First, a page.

Secondary hypertension: Causes and treatments for this different type of high blood pressure

February 15, 2021

Primary Care Heart and Vascular Healthy Aging
Man taking his blood pressure at home in the living room

Did you know that there are two main types of high blood pressure, or hypertension – primary and secondary? While they’re both diagnosed by checking your blood pressure, the causes and treatments are different.

“Primary, or essential, hypertension is the more common type of high blood pressure,” says Kimberley D. Maigi, a family nurse practitioner with Riverside Primary Care Norge. “Typically, it develops as you get older. But secondary high blood pressure is caused by either another medical condition or when you use certain medicines. 

“Secondary high blood pressure is much more unusual,” Maigi continues. “It only occurs in 5-10% of hypertensive patients.”

Ms. Maigi explains the symptoms and diagnosis of primary and secondary hypertension, along with causes, treatment and when to see a doctor. 

Symptoms and diagnosis 

“Usually, high blood pressure has no symptoms,” Ms. Maigi explains. “Because of this, we often call it the silent killer.”

The only way to know if you have hypertension is to get annual blood pressure checks from your health care provider or check your blood pressure at home. If your doctor is concerned, they’ll take two or more readings at separate appointments before making a diagnosis. 

If your blood pressure numbers are less than 120/80, then your blood pressure is normal. If your blood pressure is higher, there are several levels of concern:

  • Elevated blood pressure: 120 – 129 systolic (upper number) and less than 80 mm Hg diastolic (lower number) – you’ll probably develop high blood pressure unless you take steps to control the condition
  • Hypertension Stage 1: 130-139 systolic or 80-89 mm Hg diastolic – your doctor will likely prescribe lifestyle changes and may prescribe blood pressure medication
  • Hypertension Stage 2: 140/90 mm Hg diastolic or higher – your doctor will prescribe a combination of blood pressure medications and lifestyle changes
  • Hypertensive crisis: Over 180/120 mm Hg diastolic – medical attention is required immediately

To receive a diagnosis of secondary hypertension, your doctor will consider if your blood pressure is higher than normal and you:

  • Are younger than 30 years old.
  • Still have hypertension even though you’ve used three antihypertensive drugs. This is called resistant hypertension.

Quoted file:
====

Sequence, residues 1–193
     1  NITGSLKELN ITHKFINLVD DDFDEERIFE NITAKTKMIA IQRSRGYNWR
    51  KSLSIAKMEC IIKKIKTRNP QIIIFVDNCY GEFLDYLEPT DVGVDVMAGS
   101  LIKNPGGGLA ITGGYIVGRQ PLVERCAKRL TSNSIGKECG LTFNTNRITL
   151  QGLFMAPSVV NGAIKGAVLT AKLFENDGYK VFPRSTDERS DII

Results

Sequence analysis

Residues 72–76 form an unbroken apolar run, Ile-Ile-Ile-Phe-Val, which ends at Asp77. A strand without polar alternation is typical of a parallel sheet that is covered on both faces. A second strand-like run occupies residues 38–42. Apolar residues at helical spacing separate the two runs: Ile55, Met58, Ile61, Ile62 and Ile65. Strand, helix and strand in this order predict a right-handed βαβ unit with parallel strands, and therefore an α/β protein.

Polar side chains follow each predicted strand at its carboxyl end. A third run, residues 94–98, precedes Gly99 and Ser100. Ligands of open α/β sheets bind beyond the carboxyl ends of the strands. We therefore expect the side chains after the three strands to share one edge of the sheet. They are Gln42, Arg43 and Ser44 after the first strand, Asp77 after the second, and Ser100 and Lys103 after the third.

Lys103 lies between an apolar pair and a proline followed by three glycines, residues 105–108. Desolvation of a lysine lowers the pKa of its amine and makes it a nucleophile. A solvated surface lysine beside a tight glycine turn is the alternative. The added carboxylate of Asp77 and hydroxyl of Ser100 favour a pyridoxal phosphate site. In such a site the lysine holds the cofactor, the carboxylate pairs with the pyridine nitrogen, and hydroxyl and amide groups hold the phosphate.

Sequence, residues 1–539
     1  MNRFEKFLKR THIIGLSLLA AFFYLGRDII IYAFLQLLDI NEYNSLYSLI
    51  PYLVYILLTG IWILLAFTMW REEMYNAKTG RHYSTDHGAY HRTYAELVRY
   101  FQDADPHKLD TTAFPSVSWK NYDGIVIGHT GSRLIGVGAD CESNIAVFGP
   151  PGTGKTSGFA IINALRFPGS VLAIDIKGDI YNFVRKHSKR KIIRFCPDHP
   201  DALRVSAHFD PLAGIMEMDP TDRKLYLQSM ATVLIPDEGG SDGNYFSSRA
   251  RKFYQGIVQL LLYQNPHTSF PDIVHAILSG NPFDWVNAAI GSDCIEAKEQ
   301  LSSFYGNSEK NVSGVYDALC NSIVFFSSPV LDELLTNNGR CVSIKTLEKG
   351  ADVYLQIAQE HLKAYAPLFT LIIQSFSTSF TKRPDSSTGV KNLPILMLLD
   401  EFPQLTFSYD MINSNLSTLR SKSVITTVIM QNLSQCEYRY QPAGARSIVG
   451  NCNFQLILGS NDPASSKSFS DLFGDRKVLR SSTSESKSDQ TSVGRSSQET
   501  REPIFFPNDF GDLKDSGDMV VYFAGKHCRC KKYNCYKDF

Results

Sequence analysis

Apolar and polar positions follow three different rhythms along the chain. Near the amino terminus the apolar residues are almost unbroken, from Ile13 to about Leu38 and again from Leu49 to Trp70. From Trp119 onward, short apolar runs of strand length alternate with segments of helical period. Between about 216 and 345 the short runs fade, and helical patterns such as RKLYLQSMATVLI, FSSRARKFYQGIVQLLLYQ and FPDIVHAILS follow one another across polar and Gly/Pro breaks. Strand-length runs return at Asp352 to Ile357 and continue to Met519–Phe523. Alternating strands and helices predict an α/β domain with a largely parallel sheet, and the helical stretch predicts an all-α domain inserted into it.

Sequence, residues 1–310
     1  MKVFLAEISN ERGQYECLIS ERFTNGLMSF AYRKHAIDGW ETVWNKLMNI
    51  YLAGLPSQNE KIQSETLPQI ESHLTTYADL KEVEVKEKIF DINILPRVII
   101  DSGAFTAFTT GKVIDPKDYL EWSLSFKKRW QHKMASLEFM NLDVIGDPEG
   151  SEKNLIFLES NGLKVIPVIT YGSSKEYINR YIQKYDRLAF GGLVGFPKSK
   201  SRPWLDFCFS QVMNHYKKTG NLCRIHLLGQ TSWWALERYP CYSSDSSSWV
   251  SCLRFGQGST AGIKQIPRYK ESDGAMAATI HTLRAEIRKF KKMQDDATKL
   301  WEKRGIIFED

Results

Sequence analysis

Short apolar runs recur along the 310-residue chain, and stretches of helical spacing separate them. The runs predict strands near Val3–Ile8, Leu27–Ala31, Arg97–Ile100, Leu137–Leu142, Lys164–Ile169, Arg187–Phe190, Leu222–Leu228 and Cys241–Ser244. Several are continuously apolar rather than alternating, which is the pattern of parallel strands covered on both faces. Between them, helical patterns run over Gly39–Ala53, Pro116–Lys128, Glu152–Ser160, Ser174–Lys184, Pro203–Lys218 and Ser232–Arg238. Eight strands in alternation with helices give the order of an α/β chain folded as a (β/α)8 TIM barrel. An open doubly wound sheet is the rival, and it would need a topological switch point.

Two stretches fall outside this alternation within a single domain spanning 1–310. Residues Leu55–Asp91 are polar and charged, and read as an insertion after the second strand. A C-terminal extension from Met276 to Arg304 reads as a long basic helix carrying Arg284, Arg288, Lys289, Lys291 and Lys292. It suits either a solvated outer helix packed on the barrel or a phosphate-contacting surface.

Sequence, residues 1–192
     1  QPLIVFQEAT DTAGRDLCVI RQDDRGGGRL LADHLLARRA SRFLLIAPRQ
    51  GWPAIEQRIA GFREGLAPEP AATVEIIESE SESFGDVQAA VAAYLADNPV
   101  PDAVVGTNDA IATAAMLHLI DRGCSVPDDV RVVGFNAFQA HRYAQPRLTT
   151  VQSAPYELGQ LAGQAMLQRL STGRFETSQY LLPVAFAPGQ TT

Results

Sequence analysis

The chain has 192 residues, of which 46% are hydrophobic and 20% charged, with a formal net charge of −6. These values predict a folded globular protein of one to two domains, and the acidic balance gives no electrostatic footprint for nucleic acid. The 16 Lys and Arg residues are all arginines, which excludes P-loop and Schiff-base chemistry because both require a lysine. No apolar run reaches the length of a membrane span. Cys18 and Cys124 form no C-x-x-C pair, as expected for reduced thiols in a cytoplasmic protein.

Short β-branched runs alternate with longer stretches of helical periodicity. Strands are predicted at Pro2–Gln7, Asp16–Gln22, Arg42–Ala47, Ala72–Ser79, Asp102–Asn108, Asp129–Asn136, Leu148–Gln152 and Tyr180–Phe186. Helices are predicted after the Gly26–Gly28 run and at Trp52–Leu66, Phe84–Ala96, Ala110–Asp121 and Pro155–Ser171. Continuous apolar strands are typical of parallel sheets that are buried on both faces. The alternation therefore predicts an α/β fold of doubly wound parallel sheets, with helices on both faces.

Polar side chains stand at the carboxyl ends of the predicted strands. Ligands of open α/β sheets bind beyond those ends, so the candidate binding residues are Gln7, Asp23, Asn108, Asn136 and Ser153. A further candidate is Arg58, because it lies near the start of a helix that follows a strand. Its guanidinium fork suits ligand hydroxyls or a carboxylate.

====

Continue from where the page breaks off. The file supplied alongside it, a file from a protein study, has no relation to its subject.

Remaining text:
• Have a sudden increase of blood pressure but you’ve never had high blood pressure before. This is called severe hypertension.
  • Your blood pressure doesn’t drop more than 10% at night, compared to your daytime blood pressure.

What causes primary and secondary hypertension?

Primary hypertension usually develops over time. Some of the causes are:

  • Having a high fat diet 
  • Being overweight 
  • Not getting enough exercise
  • Drinking a lot of alcohol 
  • Smoking tobacco

“Secondary hypertension isn’t typically caused by lifestyle choices,” says Ms. Maigi. “Instead, it’s usually caused by a medical condition that can’t be prevented.”

Some causes of secondary hypertension are:

  • Obstructive sleep apnea 
  • A side effect of medication 
  • Kidney disease
  • Adrenal disease  
  • Hyperparathyroidism

Treatments for primary and secondary hypertension

For primary hypertension, most treatments include making healthy lifestyle changes and taking medications.

For secondary hypertension, treatment depends on addressing the cause. Typically, medication is prescribed to treat the condition that caused the hypertension. Some people may also need to take high blood pressure medication until the underlying condition is treated successfully.  For many, their high blood pressure can be cured once the medical condition is properly treated.

When to see a doctor 

“Because hypertension usually doesn’t have symptoms, it can be difficult to know if you have high blood pressure without testing,” says Ms. Maigi. “But, if you suddenly have a severe headache or nosebleed, get your blood pressure checked. If it’s high, rest for five minutes and then check it again. If it’s still high, call your doctor.”

If you’re experiencing chest pain, shortness of breath or have blurred vision, call 9-1-1 or visit your nearest emergency room. You could be in a hypertensive crisis. 

To make schedule an appointment with Ms. Maigi to check for hypertension, visit Riverside Primary Care Norge. 

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